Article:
MadSci Network: Astronomy

Re: How does gravitational pull affect a planets rotational speed??

Date: Thu Jan 22 18:11:27 1998
Posted By: Aaron Romanowsky, grad student,Harvard-Smithsonian Center for Astrophysics
Area of science: Astronomy
ID: 884400822.As

You're right: gravity is a spherically symmetric force, and by itself can't produce any torques. But the symmetry of the system is broken by the rotational and orbital motions of the planet, which allows for a transfer of angular momentum to occur between the planet and the Sun.

In more concrete terms, the culprit is tidal forces. The strength of the gravitational force varies with distance, so that a person on the "sunny side" (day side) of the Earth feels a stronger force from the Sun than does a person on the "dark side" (night side) of the Earth. For a large, "rigid" body like a planet, this means that there is an apparent "tidal force" stretching the planet out in the direction towards (and away from) the Sun. So the planet is no longer spherical, but bulges a bit.

This bulge is produced in the Earth's watery surface, producing ocean "high tides" (actually, the Moon has a stronger effect on us than the Sun does). To a lesser extent, the whole rocky body of the Earth is also distorted.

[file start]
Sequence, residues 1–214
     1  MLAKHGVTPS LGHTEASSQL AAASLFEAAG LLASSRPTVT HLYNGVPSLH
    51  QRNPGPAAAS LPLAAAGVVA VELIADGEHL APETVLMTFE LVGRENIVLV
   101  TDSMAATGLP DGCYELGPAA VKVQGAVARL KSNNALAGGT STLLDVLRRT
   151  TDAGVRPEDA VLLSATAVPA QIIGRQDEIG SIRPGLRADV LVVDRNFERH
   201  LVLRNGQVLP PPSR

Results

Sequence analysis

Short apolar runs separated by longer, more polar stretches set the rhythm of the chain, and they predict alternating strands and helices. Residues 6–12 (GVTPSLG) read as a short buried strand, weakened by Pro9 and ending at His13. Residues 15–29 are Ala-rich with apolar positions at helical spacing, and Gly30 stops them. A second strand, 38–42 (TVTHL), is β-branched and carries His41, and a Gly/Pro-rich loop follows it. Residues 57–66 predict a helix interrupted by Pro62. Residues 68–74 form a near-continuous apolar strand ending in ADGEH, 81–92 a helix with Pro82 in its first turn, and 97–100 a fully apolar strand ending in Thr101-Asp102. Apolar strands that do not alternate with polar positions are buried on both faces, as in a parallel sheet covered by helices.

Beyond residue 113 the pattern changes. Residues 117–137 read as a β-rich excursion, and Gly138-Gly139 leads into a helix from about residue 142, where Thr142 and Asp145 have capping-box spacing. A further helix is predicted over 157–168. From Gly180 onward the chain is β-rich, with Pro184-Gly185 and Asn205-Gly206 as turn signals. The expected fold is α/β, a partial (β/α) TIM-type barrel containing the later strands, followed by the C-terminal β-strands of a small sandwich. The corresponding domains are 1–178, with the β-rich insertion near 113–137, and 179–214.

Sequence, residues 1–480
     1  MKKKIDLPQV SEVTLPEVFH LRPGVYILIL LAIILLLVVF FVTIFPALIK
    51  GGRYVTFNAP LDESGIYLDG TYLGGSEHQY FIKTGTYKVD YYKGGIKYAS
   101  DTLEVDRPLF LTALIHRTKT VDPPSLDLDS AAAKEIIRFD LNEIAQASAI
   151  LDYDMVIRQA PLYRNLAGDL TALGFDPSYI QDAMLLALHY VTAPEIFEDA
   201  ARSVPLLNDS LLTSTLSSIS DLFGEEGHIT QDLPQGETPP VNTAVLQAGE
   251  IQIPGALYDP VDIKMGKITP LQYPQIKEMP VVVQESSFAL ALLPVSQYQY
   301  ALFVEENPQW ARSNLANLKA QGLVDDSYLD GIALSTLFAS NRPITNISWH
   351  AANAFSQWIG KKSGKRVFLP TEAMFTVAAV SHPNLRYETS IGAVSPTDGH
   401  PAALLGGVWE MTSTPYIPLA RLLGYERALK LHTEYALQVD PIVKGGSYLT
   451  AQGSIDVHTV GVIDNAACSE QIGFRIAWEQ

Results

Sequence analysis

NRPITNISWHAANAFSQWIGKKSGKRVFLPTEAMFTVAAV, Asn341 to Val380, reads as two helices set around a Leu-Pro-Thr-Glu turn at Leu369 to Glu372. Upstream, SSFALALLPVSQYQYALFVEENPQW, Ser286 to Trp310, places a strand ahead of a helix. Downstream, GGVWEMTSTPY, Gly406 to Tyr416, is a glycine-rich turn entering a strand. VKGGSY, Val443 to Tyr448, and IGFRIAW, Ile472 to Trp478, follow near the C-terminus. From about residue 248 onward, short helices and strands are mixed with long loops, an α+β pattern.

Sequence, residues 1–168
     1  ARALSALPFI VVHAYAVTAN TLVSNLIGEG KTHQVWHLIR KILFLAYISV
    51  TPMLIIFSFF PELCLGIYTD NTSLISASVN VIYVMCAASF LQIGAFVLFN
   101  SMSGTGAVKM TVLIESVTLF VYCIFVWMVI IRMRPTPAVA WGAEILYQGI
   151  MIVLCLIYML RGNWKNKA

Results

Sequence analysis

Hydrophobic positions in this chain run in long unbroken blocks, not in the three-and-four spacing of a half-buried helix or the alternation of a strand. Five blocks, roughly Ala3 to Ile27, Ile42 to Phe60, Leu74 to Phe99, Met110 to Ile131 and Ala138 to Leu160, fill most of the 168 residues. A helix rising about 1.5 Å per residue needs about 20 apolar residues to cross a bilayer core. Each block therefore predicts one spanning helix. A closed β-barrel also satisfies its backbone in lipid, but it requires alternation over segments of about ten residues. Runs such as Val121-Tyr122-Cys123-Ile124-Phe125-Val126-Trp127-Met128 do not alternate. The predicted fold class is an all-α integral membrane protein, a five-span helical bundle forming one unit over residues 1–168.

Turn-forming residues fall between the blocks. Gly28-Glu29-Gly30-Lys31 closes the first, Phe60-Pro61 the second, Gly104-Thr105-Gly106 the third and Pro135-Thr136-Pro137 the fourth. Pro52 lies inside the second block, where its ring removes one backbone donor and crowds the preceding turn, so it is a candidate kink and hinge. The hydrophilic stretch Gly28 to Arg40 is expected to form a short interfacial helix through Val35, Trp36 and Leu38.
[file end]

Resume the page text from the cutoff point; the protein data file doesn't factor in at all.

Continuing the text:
Anyway, as the planet rotates, the bulge swings around and does not have time to adjust back to pointing at the Sun. So the elongated planet does not point directly at the Sun, giving the Sun's gravity a "handle" to pull back on. This tug gradually slows down the rotation of the planet, until the bulge is always pointed directly at the Sun. At this point, the rotational period of the planet is the same as its orbital period (that is, its "day" is as long as its "year"!) This process is called "tidal locking" or "synchronization".

This process works best for bodies which are smaller and closer to the Sun -- Venus and Mercury, in particular. Venus is not exactly tidally locked (it actually rotates very slowly backwards, though I don't know why). And Mercury is actually in a 2:3 tidal lock with the Sun (it rotates 3 times for every 2 orbits), which is also due to the same effects (a little more complicated situation).

Tidal locking is especially prevalent among the planetary satellites. Our own Moon is tidally locked -- which is why we always see one side of it. And I don't know of any other major moons in the Solar System that aren't tidally locked.


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